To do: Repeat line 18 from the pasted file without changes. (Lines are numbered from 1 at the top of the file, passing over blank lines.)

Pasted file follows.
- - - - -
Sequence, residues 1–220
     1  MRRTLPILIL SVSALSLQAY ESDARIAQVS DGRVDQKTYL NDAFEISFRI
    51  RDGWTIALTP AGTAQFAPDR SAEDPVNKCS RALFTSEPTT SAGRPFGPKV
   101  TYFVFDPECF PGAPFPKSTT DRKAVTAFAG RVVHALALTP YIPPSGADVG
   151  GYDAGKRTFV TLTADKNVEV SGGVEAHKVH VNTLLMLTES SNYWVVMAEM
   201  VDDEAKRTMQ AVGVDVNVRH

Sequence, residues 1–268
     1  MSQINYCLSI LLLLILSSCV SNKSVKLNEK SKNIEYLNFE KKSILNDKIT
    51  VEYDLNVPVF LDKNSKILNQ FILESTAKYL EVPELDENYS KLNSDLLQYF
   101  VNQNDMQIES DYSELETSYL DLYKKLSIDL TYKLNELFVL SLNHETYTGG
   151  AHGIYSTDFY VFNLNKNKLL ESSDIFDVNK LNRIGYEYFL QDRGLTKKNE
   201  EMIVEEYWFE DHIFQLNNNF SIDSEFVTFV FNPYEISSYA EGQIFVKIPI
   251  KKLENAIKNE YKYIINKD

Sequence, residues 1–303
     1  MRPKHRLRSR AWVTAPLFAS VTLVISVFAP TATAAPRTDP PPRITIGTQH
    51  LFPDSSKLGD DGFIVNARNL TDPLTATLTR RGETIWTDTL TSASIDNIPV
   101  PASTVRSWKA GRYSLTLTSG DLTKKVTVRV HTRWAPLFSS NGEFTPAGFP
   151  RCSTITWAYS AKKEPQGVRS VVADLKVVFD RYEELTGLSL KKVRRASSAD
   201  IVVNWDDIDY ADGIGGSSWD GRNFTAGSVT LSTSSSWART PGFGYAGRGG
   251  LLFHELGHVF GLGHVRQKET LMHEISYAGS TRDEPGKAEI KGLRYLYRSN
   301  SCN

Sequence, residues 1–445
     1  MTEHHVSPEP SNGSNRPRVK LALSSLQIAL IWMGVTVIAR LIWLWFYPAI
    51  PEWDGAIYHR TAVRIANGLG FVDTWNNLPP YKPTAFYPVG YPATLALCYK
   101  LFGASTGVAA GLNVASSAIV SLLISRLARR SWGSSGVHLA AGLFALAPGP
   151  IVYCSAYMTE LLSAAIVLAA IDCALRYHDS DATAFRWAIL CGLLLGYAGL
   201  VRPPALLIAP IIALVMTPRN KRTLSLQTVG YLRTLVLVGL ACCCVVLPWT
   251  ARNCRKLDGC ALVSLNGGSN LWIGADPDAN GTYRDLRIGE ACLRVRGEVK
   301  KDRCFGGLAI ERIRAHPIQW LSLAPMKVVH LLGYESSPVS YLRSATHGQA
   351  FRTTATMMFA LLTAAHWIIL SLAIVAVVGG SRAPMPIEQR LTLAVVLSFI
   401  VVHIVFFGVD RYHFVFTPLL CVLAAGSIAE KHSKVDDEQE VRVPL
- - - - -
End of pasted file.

   151  RCSTITWAYS AKKEPQGVRS VVADLKVVFD RYEELTGLSL KKVRRASSAD